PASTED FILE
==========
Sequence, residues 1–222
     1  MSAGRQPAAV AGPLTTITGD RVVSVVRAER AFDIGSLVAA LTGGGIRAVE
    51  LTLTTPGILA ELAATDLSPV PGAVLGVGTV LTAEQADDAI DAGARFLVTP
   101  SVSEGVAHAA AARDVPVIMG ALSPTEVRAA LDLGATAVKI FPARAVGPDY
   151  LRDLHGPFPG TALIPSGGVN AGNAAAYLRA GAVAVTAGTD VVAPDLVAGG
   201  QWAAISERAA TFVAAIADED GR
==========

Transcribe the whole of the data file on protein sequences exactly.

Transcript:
Sequence, residues 1–222
     1  MSAGRQPAAV AGPLTTITGD RVVSVVRAER AFDIGSLVAA LTGGGIRAVE
    51  LTLTTPGILA ELAATDLSPV PGAVLGVGTV LTAEQADDAI DAGARFLVTP
   101  SVSEGVAHAA AARDVPVIMG ALSPTEVRAA LDLGATAVKI FPARAVGPDY
   151  LRDLHGPFPG TALIPSGGVN AGNAAAYLRA GAVAVTAGTD VVAPDLVAGG
   201  QWAAISERAA TFVAAIADED GR